God not only governs all things but He is also the one who redeems. The final aspect of the theocentricity of Paul’s theology describes God’s purpose in both His governing and His redeeming. For Paul, all things are done for God. In Romans 11:36, Paul says, “For from Him and through Him and to Him are all things. To Him be glory forever. Amen.” God has worked all things according to His purposes so that all things will work for His benefit. This is the primary motive of God. “Christ himself seeks above all things the glory of his father in the redemptive work, in his life, in his death, in his triumph.”(Kennedy, 289) God brings about all things for His benefit and in so doing also brings benefit to His people. The Christian’s hope, according to Paul, is the glory of God (Romans 5:2), as such they are defined by their expectation of the vindication of the glory of God. Paul also defines the Gospel in these terms by calling it “the righteousness of God.”( Romans 1:17); which is, according to C.H. Dodd, the act of God whereby He vindicates the right.(Dodd, 13) God is the right and the process of the history of redemption is the unfolding of God’s plan whereby He is vindicating His character by redeeming back to Himself what is His. “Paul’s conception of God’s righteousness is that it consists basically in his inclination to act always for his own name sake, that is, to maintain and demonstrate his glory.”(Piper, 160) God’s purpose is, in all things and at all times, to bring glory to Himself, which is what He rightly deserves.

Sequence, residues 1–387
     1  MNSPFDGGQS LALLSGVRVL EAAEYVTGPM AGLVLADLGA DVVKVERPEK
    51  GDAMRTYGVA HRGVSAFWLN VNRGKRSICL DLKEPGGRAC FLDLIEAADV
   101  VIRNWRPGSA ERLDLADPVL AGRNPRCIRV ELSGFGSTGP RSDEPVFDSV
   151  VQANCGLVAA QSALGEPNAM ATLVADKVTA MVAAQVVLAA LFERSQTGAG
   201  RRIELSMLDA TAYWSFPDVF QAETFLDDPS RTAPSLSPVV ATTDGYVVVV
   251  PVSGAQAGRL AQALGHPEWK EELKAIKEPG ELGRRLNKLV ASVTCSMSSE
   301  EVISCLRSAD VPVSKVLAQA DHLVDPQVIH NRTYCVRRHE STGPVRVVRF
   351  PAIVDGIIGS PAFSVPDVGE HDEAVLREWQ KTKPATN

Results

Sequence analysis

The primary task of the Christian, then, is to be righteous and bring glory to God. Paul urges, “present your bodies a living and holy sacrifice, acceptable to God, which is your spiritual service of worship.”( Romans 12:1) It is the Christian’s primary duty, his “spiritual service of worship” to give himself to God as an instrument of righteousness to God.(Romans 6:13) The theocentricity of Paul’s theology drives the people of God to perceive their tasks and value from the perspective of God. According to Paul, a man derives his benefit in his enslavement to God.(Romans 6:22) Only in as much as an individual gives himself over to be possessed and used of God as He desires, is that individual valuable. “The glory and the praise of God should constitute the chief preoccupation of any Christian worthy of the name in his pursuit of salvation, penetrated as he is with the love of God and of the savior.”(Kennedy, 292) “For if we live, we live for the Lord, or if we die, we die for the Lord; therefore whether we live or die, we are the Lord’s”(Romans 14:8) “Paul was a God intoxicated man.”(Morris, 25) His epistle to the Romans reflects this passion and his theology is rested upon it. God is the center and is, by His own design, the primary beneficiary of all that occurs. Christ has accepted His people for the purpose of bringing glory to God (Romans 15:7), therefore God’s people are to always act and think as Christ thinks, theocentrally.